Talking the Tropics With Mike: “Cristobal” to make landfall on the Louisiana coast

Tropical storm & storm surge WARNING for parts of the Gulf Coast... heavy rain for Florida

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LOCAL - Jacksonville/NE Fl./SE Ga. impacts from “Cristobal”:

*** Virtually None - not directly ***

There will be tropical moisture “swinging” northward on the far eastern periphery of of Cristobal leading to heavy rain at times. Rainfall will average 2-5″ across the area with even a few half foot plus amounts. Winds out of the SE will increase some through the weekend leading to heightened rip current risk at area beaches.

BUT... true/direct impacts from Cristobal will occur to the west. If traveling west on I-10 along the Gulf Coast from the Fl. Panhandle to Pensacola to New Orleans to the upper Texas Coast, stay up to date on the latest forecasts & be prepared for tropical storm conditions into Monday. A tropical storm WARNING & storm surge WARNING have been posted from the Fl./Alabama border west through Central Louisiana. Storm surge will even be evident along the west coast of Fl. & the Panhandle due to the large, lopsided (heavily weighted to the east) circulation of Cristobal.

A strengthening Cristobal moved onshore of the state of Campeche in Mexico Wed. morning with winds near 60 mph. A very slow drift over Mexico caused weakening though the tropical cyclone maintained enough organization to fairly quickly regain tropical storm status. Building high pressure near the Bahamas stretching south to the Northern Caribbean has helped with the northward turn now with a landfall west of New Orleans late Sunday/Sunday night.

While the circulation envelope of Cristobal is strong, the western & SW side of Cristobal’s circulation is void of much convection due to a great deal of dry air & shear out of the W/SW. This dry air + shear should limit overall intensification or at least make the process of strengthening quite slow. There have been some attempts at banding developing around the circulation center Sunday morning.

So a tropical storm will impact the upper Texas coast & Louisiana Sunday-Monday. It looks like Louisiana will be the “target zone” into Monday. There will be an expanding wind field - especially to the east of the center so some wind, storm surge & heavy rain impacts will stretch as far east as the Fl. Panhandle. Heavy rain/flooding/an isolated tornado threat will then continue north with the remnants all the way into the mid Mississippi Valley.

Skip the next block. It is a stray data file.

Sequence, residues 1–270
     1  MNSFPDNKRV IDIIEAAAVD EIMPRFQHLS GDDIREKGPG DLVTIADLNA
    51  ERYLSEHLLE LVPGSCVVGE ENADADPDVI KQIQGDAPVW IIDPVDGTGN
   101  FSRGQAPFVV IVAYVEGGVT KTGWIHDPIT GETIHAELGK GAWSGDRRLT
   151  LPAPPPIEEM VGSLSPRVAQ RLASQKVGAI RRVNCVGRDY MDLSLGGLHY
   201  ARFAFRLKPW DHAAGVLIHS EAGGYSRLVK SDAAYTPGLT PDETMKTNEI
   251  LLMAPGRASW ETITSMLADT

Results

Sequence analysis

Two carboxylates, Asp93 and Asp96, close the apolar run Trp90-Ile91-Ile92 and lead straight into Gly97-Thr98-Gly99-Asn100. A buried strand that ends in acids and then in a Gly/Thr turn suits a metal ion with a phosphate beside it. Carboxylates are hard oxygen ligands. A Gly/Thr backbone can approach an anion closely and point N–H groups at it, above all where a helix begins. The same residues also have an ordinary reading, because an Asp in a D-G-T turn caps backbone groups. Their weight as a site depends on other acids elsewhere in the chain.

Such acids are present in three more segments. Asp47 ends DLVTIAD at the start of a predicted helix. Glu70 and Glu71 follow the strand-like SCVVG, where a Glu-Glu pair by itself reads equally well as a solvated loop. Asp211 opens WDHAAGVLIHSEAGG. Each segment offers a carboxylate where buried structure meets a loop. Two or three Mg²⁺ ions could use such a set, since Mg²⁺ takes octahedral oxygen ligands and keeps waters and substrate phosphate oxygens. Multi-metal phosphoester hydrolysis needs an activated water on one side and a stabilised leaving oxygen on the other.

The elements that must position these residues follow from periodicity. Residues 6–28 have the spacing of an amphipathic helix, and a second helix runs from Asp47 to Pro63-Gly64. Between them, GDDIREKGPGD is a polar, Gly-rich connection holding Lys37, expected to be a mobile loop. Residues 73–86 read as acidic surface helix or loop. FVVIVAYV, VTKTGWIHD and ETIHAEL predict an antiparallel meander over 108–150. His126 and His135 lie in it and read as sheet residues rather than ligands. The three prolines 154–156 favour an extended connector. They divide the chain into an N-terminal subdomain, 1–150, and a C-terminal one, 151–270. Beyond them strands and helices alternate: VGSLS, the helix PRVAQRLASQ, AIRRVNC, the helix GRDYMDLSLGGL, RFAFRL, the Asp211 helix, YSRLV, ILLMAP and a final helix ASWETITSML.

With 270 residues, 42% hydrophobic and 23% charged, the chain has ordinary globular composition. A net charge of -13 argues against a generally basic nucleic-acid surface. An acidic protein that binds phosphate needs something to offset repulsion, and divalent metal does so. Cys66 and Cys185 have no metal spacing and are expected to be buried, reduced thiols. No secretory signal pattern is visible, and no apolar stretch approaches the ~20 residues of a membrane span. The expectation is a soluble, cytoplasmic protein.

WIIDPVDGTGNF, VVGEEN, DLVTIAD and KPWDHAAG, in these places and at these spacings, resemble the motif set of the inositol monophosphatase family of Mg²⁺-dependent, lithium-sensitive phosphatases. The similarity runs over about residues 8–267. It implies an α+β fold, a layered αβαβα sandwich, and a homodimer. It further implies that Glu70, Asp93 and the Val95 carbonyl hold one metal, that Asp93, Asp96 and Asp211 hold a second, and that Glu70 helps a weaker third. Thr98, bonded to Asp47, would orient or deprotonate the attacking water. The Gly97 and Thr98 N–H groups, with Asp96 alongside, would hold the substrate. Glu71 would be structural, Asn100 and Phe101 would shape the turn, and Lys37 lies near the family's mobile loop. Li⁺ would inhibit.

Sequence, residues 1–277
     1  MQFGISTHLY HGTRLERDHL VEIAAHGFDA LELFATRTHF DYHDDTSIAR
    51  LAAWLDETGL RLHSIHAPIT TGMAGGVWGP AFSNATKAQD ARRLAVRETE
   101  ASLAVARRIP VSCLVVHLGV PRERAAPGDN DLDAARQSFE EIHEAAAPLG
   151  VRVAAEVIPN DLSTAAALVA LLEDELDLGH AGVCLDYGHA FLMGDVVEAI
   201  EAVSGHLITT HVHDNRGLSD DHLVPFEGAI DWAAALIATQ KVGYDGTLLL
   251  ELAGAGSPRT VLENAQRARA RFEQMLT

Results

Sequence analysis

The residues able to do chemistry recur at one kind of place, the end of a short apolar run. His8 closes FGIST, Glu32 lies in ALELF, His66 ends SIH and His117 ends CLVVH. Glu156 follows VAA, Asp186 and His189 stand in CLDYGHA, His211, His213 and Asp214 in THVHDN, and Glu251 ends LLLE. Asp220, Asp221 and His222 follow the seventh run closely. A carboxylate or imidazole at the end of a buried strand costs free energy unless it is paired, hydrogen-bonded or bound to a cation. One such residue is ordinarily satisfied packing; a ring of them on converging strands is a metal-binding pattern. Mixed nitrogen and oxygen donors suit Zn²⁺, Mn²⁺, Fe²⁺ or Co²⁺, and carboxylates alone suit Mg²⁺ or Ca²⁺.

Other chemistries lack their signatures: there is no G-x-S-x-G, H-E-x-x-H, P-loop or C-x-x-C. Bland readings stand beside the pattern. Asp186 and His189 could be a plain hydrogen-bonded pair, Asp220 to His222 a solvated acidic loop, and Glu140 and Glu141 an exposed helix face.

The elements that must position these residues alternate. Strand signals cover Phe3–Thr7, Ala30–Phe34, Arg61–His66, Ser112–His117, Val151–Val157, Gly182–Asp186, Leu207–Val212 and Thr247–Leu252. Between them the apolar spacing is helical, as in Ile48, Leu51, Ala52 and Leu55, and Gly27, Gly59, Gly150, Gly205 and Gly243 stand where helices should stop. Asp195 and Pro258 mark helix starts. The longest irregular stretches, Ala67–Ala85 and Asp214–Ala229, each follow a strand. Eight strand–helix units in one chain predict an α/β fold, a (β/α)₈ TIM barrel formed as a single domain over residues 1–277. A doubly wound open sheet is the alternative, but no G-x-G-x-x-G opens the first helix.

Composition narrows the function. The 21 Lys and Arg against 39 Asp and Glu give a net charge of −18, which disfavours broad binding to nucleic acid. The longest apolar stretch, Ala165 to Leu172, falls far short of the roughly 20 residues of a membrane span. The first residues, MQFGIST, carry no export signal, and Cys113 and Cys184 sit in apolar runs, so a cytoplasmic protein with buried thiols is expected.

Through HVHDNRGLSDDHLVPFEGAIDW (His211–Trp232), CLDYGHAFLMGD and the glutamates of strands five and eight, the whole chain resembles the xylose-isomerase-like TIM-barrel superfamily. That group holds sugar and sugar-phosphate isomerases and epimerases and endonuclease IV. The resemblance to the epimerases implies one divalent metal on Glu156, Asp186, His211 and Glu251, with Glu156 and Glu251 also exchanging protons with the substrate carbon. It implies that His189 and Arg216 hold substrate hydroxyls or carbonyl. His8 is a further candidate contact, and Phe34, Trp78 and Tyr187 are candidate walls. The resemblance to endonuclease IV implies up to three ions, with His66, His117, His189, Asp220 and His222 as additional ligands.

There continues to be no direct threat to NE Fl./Jacksonville/SE Ga. There is a strong surge of tropical moisture well to the east of Cristobal for Jacksonville & surrounding areas leading to an uptick in t’storm activity & heavy rainfall but mostly independent of the direct center of Cristobal. Rainfall amounts will reach 3″+ through Monday for parts of NE Fl./SE Ga.

There are no other areas of concern right now across the Atlantic. Low pressure will develop this upcoming week over the Central Atlantic where some subtropical development will be possible in area east of Bermuda.

Another area to watch over the next 10 days or so might be the Caribbean &/or Gulf of Mexico yet again.


Atlantic dust:

2020 names..... “Crystobal” is next on the Atlantic list (names are picked at random by the World Meteorological Organization... repeat every 6 years... historic storms are retired (Florence & Michael last year) & Dorian is certain to be retired from the ’19 list....


East Atlantic:


Mid & upper level wind shear (enemy of tropical cyclones) analysis (CIMMS). The red lines indicate strong shear of which there is plenty across the Atlantic at the moment:

Water vapor imagery (dark blue indicates dry air):

Deep oceanic heat content is extreme over the NW Caribbean:

Sea surface temp. anomalies:

SE U.S. surface map:

Surface analysis centered on the tropical Atlantic:

Surface analysis of the Gulf:

Caribbean:

Global tropical activity:

The active early 2020 hurricane season continues. Tropical storm “Arthur” formed in mid May (16th) east of Florida staying offshore over the Western Atlantic. On May 27th, tropical storm “Bertha” quickly formed just off the coast of S. Carolina moving ashore near Charleston within a few hours of being upgraded. And - now - Cristobal over the Gulf.

While not necessarily always true, recent history has shown tropical development in May has been followed by “active” seasons including U.S. landfalls:


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